Abstract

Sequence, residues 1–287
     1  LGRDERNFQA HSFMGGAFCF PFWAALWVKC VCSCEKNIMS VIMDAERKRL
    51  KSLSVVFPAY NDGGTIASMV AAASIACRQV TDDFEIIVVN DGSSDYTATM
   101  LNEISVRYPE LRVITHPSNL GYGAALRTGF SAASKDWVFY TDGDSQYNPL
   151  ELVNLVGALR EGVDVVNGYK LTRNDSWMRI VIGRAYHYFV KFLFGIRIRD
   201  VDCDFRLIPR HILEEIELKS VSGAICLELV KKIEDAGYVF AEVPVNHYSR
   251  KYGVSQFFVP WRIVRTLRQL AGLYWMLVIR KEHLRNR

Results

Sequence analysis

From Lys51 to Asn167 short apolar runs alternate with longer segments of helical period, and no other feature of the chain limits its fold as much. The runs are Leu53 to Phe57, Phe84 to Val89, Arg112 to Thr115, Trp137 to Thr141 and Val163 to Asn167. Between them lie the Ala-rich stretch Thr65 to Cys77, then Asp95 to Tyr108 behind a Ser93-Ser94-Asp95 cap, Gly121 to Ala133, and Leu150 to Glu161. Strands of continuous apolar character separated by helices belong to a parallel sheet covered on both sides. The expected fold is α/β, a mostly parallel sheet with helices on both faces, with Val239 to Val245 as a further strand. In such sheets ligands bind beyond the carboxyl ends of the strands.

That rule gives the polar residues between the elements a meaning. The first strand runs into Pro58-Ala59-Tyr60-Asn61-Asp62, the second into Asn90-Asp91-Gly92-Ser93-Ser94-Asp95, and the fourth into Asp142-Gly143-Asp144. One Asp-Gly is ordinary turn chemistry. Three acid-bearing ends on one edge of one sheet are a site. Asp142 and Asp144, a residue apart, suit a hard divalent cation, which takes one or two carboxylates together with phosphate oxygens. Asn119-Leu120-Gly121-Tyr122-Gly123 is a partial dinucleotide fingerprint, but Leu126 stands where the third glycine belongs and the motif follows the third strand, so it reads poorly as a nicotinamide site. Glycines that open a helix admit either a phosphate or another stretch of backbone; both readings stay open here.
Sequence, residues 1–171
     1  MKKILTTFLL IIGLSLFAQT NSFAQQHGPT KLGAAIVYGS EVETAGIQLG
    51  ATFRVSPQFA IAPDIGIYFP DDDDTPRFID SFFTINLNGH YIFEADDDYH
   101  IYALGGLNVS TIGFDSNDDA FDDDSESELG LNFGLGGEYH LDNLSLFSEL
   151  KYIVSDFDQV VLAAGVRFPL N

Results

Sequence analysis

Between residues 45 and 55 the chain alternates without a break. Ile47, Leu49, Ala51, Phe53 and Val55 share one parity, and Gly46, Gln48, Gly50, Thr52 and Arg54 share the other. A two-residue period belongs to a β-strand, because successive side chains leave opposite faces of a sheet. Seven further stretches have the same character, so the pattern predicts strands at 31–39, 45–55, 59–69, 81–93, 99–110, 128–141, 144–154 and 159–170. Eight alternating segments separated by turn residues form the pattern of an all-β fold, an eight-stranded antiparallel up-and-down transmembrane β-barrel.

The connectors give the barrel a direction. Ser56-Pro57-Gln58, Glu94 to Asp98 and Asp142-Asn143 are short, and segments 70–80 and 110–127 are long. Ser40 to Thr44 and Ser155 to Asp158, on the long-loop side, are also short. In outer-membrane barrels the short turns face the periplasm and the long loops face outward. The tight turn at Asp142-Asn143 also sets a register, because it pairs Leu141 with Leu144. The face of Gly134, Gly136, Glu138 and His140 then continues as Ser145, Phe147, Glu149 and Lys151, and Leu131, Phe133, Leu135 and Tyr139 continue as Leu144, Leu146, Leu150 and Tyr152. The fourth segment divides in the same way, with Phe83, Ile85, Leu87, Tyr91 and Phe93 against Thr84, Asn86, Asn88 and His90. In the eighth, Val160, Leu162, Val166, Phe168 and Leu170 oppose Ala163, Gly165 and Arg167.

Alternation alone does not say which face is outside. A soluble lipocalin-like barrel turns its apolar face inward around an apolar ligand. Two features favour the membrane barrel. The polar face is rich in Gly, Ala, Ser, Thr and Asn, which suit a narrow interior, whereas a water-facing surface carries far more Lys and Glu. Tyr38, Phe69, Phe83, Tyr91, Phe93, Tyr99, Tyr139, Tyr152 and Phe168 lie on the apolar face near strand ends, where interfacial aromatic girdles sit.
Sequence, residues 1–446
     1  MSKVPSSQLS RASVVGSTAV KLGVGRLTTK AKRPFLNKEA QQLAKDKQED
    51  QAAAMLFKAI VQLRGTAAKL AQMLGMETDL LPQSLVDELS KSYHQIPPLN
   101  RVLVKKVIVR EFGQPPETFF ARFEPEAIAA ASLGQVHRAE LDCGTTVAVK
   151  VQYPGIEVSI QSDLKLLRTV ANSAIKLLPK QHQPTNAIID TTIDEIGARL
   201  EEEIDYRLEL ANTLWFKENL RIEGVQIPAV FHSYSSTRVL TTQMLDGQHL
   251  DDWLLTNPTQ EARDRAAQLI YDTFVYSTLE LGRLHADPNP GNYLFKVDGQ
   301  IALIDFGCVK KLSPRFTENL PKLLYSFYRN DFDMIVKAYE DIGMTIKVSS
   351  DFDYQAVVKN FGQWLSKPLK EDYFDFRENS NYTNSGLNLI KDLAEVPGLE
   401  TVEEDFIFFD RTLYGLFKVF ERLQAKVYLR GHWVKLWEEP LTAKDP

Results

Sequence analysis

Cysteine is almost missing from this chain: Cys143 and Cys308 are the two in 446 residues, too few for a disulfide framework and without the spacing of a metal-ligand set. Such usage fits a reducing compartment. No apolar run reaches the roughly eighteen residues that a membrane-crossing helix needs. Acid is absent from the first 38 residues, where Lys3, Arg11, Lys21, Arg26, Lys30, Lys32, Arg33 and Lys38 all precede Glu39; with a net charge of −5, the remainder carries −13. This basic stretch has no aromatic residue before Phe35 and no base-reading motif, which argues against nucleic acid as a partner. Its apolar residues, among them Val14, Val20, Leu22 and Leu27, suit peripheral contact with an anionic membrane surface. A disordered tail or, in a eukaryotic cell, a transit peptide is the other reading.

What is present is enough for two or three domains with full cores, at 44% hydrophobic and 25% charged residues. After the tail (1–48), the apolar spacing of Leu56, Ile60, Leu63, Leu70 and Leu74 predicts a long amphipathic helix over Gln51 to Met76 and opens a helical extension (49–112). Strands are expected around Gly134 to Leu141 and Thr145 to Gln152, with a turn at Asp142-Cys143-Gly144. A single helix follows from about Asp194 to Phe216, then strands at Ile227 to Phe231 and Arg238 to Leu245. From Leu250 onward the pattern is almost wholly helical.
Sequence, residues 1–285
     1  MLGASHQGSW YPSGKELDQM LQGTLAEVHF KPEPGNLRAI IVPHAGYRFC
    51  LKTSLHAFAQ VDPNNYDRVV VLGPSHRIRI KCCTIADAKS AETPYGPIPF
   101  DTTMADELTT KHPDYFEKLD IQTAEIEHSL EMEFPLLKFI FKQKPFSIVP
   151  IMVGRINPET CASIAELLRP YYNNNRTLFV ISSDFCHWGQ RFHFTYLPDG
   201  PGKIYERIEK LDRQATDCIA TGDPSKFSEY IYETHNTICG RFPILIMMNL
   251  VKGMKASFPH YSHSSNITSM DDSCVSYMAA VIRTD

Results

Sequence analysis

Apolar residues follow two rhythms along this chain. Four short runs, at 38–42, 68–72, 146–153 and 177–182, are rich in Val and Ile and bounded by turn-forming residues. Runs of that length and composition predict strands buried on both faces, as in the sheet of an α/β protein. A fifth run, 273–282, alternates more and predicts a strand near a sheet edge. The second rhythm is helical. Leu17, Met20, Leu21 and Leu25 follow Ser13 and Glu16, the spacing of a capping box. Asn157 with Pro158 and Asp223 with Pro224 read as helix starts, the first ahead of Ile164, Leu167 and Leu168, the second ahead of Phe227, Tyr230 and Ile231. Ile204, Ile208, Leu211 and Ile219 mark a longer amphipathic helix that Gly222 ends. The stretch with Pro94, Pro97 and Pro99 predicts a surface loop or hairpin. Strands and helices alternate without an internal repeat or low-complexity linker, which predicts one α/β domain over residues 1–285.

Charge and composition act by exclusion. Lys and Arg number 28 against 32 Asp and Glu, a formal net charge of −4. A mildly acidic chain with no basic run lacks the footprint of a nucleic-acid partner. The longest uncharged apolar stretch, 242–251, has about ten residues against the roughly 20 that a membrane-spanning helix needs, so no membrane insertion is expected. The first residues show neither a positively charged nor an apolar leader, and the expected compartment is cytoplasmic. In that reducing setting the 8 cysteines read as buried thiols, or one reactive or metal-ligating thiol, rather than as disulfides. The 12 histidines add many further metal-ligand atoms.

The subduction and release of carbon at convergent margins is a primary mechanism by which tectonic processes influence atmospheric pCO2, but the balance between the amount of carbon subducting and the CO2 flux from volcanic arcs remains poorly constrained. Estimating CO2 recycling efficiency in complex regions like the Sunda margin, Indonesia, is particularly difficult due to the lateral variability in sediment thickness, composition, and fraction subducted. We present a new approach for estimating sedimentary carbon flux that combines high-precision carbon content and isotope measurements with a regional sediment and unit thickness model we generated from seismic profiles to more accurately extrapolate compositional measurements from sediment core sites to the margin. Our results suggest that the subducting sedimentary carbon flux is up to an order of magnitude less than previous estimates and cannot alone account for the volume of CO2 released along the volcanic arc. Together, this and the isotopic composition of subducting sedimentary carbon suggest that an additional isotopically heavy carbon source contributes to the released CO2. Carbon from carbonate—likely from subducted altered oceanic crust and the overriding plate—can account for the discrepancy between both amount and isotopic composition of sedimentary carbon influx and those of volcanic CO2 efflux. These results highlight the importance of considering the full range of subduction zone processes operating at individual margins in order to better understand the cycling of carbon and other elements. Similar scrutiny should be applied in the evaluation of carbon subduction inputs to other subduction margins to improve global estimates of tectonic carbon cycling.

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